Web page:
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Powering Past Coal Report

Energy Day, COP27, Egypt: Marking its fifth anniversary the Alliance has published Powering Past Coal – The state of global action to end emissions from coal power – a report featuring thirteen case studies illustrating the practical choices, pathways, and strategies pursued by diverse PPCA members to end emissions from coal power for good. Drawn from OECD and non-OECD countries within the PPCA’s growing membership these case studies span policy, social, technical, and financial solutions. Together they showcase the action being taken by PPCA members to overcome the system challenges that can arise when countries accelerate coal phase-out, modernise electricity grids, shift investments towards clean energy, and drive a just transition creating new clean energy jobs. 

UK Minister of State for Climate Change and PPCA co-Chair, Graham Stuart, said: “We have seen remarkable progress on coal phase-out since the world came together at COP26 and that progress must continue at COP27, with strong and bold international initiatives like the Powering Past Coal Alliance.  

“Today’s report from the International Energy Agency shows that coal has no future, so we must deliver a just transition for workers and communities, who can benefit from new green jobs and clean renewable energy.” 

Steven Guilbeault, Canada’s Minister of Environment and Climate Change and PPCA co-Chair said “Consigning coal to history is the only way to ensure a clean, sustainable future. The Powering Past Coal Alliance has helped ensure over three quarters of coal power in OECD member countries is retired or is scheduled to close by 2030. On top of that, proposed new coal projects have fallen by 76% globally.  

“Here in Canada, our legislated net-zero commitment, price on carbon and clean electricity regulations put us on track to end of unabated coal power by 2030. This report shows us that momentum is accelerating as we head into COP27. It also sets out a clear challenge to the public and private sector: more must be done by working together.”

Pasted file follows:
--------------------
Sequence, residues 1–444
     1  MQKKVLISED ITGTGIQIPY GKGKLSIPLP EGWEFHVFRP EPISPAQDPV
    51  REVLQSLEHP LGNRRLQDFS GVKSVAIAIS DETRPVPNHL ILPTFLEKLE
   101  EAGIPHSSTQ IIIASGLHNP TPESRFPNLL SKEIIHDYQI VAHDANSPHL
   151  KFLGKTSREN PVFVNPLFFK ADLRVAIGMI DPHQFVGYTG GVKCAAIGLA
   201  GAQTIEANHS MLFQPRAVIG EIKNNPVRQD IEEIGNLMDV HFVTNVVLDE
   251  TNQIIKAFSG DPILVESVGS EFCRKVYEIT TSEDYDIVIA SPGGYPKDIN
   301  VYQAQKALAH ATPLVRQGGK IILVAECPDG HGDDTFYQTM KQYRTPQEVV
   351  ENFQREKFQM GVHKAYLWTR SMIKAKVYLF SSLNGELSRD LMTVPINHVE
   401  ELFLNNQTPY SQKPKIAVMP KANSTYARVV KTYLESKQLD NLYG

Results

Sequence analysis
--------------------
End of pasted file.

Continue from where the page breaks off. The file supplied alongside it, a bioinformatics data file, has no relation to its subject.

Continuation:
Mafalda Duarte, CEO of the Climate Investment Funds added, “The coal-to-clean transition won’t be easy, but there is no winning our fight against climate change without it. In the developing world, where millions of people depend on coal for their livelihoods, this moment demands a well-planned just transition that addresses coal’s complex staying power and supports those most at risk. This report paints a clear path forward. It shows what is possible if we remove key barriers to change, swiftly provide the concessional finance needed, and help relevant institutions and stakeholders embrace transformational change.” 

Michael Bloomberg, UN Secretary-General’s Special Envoy for Climate Ambition and Solutions and Founder of Bloomberg LP and Bloomberg Philanthropies, said “We’ve taken important steps towards ending coal use. In the U.S., we’ve closed more than two-thirds of coal plants in the last decade. In Europe, more than 50% of coal plants are now set to retire by 2030. That progress has helped to reduce greenhouse gas emissions and deadly air pollution. This report outlines the progress we’ve made globally and shows where and how we can do more – including ending subsidies for the coal industry and stopping private financing for new coal plants. The faster we cut coal use and accelerate the deployment of clean energy, the more lives we can save, and the better our chances of avoiding the worst impacts of climate change.” 

Analysis provided in the report confirms that: 

  • over three quarters of coal-fired electricity generation capacity in the OECD and EU is now on track to close by 2030